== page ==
US dollar keeps crushing feeble Pakistani rupee, gains Rs2.10

Greenback appreciated by over two rupees by noon

By: News Desk
Published: 11:03 AM, 13 Sep, 2022
US dollar keeps crushing feeble Pakistani rupee, gains Rs2.10
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The falling rupee proved itself to be more spineless than ever against the surging US dollar as the greenback was persistent in retaining its upward trajectory with its latest appreciation of Rs2.10 in the interbank trading on Tuesday, reported 24NewsHD TV channel.

The money dealers informed that during the business activity today, the US dollar reaped a formidable gain and traded at Rs231, up by Rs1.18 in the interbank by 10:20am which it consolidated further by noon by when it was up by Rs2.18 and traded at Rs232. However, by the close of the day, the US dollar was up by Rs2.10 at Rs231.92.

It may be mentioned here that the US dollar has overall gained Rs12.94 during the last seven days.

On Monday, the US dollar also hovered and closed at Rs229.82 gaining Rs1.64 in its value and the open market rate for the greenback was Rs236, an increase of Rs1.5 on the first day of the week.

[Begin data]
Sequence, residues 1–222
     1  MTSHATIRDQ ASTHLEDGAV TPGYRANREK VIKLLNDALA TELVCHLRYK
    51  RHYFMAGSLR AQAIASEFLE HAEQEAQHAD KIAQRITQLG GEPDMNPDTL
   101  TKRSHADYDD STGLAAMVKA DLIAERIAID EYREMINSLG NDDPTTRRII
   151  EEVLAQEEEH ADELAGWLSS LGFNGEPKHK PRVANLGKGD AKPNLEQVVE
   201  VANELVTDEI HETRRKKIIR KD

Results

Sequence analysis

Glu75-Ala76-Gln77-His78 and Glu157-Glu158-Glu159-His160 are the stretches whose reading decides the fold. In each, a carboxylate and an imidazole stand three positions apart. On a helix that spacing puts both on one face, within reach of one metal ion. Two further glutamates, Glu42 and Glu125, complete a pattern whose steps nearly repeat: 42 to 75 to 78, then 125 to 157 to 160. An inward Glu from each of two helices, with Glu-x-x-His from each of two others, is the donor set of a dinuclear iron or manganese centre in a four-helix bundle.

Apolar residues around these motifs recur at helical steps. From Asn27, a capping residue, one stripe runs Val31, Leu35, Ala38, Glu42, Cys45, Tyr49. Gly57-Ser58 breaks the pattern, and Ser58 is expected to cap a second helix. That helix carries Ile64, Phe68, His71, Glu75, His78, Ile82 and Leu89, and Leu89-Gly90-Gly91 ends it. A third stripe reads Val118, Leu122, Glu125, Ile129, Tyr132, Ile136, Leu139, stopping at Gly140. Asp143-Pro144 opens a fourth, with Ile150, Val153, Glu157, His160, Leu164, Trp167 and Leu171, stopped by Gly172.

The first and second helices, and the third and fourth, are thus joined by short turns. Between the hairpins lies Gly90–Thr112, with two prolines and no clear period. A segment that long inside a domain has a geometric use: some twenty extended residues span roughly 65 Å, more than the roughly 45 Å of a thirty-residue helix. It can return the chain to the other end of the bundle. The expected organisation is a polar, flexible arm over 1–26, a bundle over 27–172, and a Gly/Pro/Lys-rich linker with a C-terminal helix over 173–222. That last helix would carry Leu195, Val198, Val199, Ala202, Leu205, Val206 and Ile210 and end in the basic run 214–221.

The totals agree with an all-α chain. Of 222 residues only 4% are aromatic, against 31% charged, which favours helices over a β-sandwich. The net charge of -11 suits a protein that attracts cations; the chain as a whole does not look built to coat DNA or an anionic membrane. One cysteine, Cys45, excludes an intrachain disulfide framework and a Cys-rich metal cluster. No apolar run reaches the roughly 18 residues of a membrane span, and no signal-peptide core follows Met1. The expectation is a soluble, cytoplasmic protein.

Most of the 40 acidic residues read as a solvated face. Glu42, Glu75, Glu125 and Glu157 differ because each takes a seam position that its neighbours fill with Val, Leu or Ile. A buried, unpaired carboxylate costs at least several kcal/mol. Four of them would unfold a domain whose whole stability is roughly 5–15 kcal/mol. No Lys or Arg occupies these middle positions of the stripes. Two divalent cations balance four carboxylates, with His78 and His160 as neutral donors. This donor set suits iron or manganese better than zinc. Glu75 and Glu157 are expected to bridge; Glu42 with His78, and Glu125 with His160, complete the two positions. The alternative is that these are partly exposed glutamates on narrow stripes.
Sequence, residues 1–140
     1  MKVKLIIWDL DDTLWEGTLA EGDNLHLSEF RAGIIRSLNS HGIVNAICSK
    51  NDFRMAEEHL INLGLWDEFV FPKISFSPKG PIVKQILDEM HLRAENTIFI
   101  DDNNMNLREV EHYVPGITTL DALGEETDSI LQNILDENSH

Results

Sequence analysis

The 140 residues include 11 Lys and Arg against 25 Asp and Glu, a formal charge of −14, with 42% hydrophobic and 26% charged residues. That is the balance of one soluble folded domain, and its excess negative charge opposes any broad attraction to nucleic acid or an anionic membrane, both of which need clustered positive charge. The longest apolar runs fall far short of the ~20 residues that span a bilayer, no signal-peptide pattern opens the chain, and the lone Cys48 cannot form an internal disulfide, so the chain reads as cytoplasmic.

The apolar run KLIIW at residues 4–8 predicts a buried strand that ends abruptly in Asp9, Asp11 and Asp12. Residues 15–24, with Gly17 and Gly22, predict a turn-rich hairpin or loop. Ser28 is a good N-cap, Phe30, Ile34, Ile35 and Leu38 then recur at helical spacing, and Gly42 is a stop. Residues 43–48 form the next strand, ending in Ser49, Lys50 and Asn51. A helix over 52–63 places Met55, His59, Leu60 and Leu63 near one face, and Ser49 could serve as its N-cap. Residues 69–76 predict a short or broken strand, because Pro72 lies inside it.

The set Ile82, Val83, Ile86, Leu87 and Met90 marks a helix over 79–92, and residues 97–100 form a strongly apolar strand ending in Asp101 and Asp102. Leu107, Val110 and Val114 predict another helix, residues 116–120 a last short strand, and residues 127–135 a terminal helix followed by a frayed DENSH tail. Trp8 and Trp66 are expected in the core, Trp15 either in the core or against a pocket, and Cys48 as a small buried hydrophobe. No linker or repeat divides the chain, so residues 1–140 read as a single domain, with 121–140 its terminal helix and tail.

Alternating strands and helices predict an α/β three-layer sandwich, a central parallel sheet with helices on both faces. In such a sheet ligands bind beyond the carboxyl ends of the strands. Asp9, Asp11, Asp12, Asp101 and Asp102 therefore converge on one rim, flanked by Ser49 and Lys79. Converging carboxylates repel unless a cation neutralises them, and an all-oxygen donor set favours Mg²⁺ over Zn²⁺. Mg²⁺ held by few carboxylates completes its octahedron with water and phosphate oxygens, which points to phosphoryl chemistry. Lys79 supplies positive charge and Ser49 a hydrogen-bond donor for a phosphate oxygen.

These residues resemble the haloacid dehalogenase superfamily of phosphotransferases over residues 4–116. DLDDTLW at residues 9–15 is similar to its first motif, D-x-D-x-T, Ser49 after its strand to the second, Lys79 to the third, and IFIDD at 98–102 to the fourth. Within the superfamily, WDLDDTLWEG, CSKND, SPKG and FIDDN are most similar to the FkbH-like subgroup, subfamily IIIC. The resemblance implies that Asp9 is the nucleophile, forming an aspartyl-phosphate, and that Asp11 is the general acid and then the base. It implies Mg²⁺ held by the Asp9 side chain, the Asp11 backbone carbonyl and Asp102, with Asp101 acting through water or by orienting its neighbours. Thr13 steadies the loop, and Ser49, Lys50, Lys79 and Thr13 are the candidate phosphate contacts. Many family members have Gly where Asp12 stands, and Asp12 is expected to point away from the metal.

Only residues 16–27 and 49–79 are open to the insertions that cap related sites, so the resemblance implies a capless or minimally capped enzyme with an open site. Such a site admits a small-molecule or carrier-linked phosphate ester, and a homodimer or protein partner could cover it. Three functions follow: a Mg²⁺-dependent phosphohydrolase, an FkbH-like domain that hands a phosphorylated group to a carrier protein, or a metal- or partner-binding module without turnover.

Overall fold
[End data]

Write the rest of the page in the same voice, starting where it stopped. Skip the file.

Though the country has received the stalled IMF tranche worth $1.166 billion last month but the market is still not reposing confidence in rupee as has been evident in the declining trend in the value of local unit.

The other factors which are negatively impacting the Pakistan currency arise out of the financial losses in the wake of recent floods as the country’s exports would be declining and imports would surge in view of rehabilitation of the flood-affected areas. 

FPCCI President Irfan Iqbal Sheikh on Monday urged the government and State Bank of Pakistan to take cognizance of the fact that the local currency had again started to fall. He apprised that the rupee lost 4 percent value in just five sessions of the last week alone.

He was of the view that the differential between interbank and open market was widened to Rs8 to Rs10 due to speculative trading, rumours of further rupee depreciation and week implementation of policy tools by the central bank.

He alleged that the commercial banks were involved in the speculative trading of dollar and were grossing windfall profits. 

He demanded stringent measures by the State Bank aimed at discouraging speculative trading. 

“Country needs to revert to a fixed exchange rate regime instead of the current free-floating exchange rate mechanism,” he opined.

Reporter Ashraf Khan